Pretoria - The 20th anniversary of the Kangaroo Mother Care unit at Kalafong Hospital was marked by praise and applause from mothers whose children benefited from the project.
The project is part of the Faculty of Health Sciences at the University of Pretoria, which serves the neonatal population both locally and internationally.
Babies in the unit’s wards are held, cuddled against their mothers’ chests secured with specially-made cloth.
That position also stimulated the production of milk and encouraged its absorption into the baby’s system. The ward has 25 beds.
Nonkululeko Matsi said her premature baby’s weight grew significantly after they were moved from the ICU to Ward 4 in the unit.
Matsi had her baby several weeks earlier than her due date, and the weight was only 1.8kg. Now, almost two years later, her daughter has a normal weight, and Matsi said she could not thank the staff enough. She struggled with milk and wanted to resort to buying formula, which, she said, nurses dismissed right away. “My breasts didn’t have milk for four days but the nurses told me about Kangaroo Mother Care.
“When I did it, I started having a lot of milk, so I really can’t thank them enough for the knowledge and experience I got during the 11 days I stayed there,” she told guests.
Recalling the year the unit was opened, consultant paediatrician and founder of the ward Dr Elsie van Rooyen said it was the first of its kind in the province and only the fifth in the country.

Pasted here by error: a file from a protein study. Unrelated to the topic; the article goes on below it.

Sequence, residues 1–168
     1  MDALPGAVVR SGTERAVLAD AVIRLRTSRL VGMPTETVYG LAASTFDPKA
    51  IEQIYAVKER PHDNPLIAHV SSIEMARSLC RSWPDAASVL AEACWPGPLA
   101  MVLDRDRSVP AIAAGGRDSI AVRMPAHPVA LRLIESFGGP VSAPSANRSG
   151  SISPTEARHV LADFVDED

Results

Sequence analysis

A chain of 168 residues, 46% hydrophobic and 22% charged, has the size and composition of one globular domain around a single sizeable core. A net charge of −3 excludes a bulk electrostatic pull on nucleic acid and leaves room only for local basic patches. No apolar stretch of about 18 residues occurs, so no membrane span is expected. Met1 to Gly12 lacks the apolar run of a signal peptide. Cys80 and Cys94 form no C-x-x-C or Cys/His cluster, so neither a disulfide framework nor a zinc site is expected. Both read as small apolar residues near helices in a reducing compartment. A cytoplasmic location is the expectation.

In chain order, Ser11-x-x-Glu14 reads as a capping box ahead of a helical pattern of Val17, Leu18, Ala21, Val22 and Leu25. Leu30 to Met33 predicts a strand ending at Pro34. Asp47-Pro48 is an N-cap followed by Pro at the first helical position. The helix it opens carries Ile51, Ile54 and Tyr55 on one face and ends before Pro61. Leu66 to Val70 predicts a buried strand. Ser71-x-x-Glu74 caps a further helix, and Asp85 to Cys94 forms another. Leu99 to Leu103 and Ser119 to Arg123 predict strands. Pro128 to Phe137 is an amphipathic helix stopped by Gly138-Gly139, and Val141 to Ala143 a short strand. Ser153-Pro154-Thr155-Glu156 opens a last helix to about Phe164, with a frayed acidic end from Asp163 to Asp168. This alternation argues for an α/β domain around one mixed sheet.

The birth of the unit lightened the burden in the neonatal ward, she said.
“It was the first unit of its kind in Gauteng and it addressed the problem of overcrowding in the neonatal ward. A few years into opening, the establishment received two Khanyisa awards.
She highlighted the benefits of Kangaroo Mother Care which included babies staying warmer and infants feeling less pain and stress.
Babies sleep better and this helps with brain growth and mothers had better breast milk supply, she said.
“Kangaroo Mother Care implies that the mother is taught how to sleep with her baby on her chest, walk around and have meals while the baby is in this position.
“Premature babies, or babies born with low birth weight, receive lots of attention. Kangaroo Mother Care is also used when babies are receiving oxygen therapy.
“Your baby will be placed on your chest at night and for several periods during the day. As soon as your baby is off oxygen and the doctor is satisfied that your baby is stable, you will be able to do continuous Kangaroo Mother Care, Van Rooyen added.
Highlighting one of the successes, she said the unit had been used to train health professionals from various countries in Africa and also in India, Iran, Bangladesh and Pakistan.
“The unit trained Unicef (The United Nations Children’s Fund) and Save the Children health workers to implement and practise Kangaroo Mother Care in other countries, such as Germany, The Gambia, Ghana, Mali, Ivory Coast, Niger, Togo, Uganda, Malawi, Kenya, Indonesia, Bangladesh and the United Arab Emirates.
“Many research projects at under and postgraduate level have taken place at the unit,” Van Rooyen said.